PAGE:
- Kaseya also stated that — based on advice by outside experts — customers who experienced ransomware and receive communication from the attackers should not click on any links as they may be weaponized.
- Deputy National Security Advisor for Cyber and Emerging Technology Anne Neuberger issued a statement noting that the President has directed the full resources of the government to investigate this incident and urged anyone who believes their systems have been compromised in the Kaseya ransomware incident to immediately report to the Internet Crime Complaint Center at https://www.IC3.gov.
- The Associated Press is reporting that REvil has offered a blanket decryption for all victims of the Kaseya attack in exchange for $70 million.
- Incident responders across multiple firms are indicating the number of victim organizations is in the thousands, spanning over 18 countries.
- Cado Security published resources which can aid responders as they triage theie exposure to the mass ransomware incident.
- CISA and the FBI have issued guidance for MSPs and their customers who have been affected by the Kaseya VSA supply-chain ransomware attack.
- The Washington Post has a story with information on the ransom demands being made
- The Dutch Institue for Vulnerability Disclosure (DIVD) posted information into their ongoing investigation and response into the Kaseya incident, which includes details on their efforts to identify and secure internet-facing VSA servers.
- CISA posted an initial advisory and is taking action to understand and address the recent supply-chain ransomware attack.
- Bloomberg is reporting that the attack (so far) spans over 1,000 organizations across 11 countries with numerous downstream impacts.
Evidence points to a supply chain attack targeting Kaseya VSA patch management and monitoring software. Ransom notes suggest REvil is behind the coordinated attack.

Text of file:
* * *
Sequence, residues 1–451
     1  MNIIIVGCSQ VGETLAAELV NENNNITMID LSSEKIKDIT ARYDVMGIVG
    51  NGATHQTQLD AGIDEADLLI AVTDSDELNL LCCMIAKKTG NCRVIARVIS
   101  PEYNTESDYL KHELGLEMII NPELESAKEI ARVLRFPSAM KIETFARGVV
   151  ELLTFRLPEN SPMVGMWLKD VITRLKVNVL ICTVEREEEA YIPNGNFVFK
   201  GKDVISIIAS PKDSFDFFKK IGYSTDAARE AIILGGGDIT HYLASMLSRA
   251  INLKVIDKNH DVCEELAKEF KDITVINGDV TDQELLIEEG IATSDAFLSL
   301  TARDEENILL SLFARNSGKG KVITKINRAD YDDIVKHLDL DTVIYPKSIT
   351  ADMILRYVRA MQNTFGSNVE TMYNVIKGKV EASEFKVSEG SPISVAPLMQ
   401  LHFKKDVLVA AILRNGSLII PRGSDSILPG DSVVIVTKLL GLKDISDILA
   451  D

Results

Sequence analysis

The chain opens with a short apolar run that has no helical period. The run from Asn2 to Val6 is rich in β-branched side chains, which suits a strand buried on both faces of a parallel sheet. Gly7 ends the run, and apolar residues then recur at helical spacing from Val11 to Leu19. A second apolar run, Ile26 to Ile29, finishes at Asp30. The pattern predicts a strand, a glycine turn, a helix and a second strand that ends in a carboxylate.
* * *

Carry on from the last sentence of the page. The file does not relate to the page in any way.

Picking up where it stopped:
Rapid7 Managed Detection and Response teams suggest that, out of an abundance of caution, organizations that use either an on-premise Kaseya VSA solution or the Kaseya cloud-based VSA solution perform the following steps immediately:
- Disabling or uninstalling the Kaseya agent
- If you host the Kaseya management server, shut down this system (Kaseya also strongly suggests this course of action)
Kaysea appears to be providing updates via their public helpdesk page and their status page provides visibility into the status of their hosted infrastructure.
Researcher @BushidoToken has provided a link to a GitHub gist containing the REvil configuration dump, which includes indicators of compromise organizations may be able to use to detect evidence of these actors operating in your infrastructure.
Managed Detection and Response
Rapid7's Managed Detection and Response (MDR) team had existing attacker behavior detections that identified Kaseya-related ransomware activity beginning on Friday, July 2, 2021. Following the initial wave of alerts on Friday, July 2, MDR sent an email communication with a
Critical Advisory to all MDR customers with guidance on disabling Kaseya and mitigating risk. We have conducted hunts across customer environments and deployed additional detections to accelerate identification of the threat. Affected customers have been notified.
Rapid7 has deployed the following detections in InsightIDR for attacker behavior related to the Kaseya ransomware attack:
- Attacker Technique - CertUtil With Decode Flag
- Suspicious Process - Renamed CertUtil
- Suspicious Process - Certutil Decodes Executable File
- Attacker Tool - KWorking\agent.exe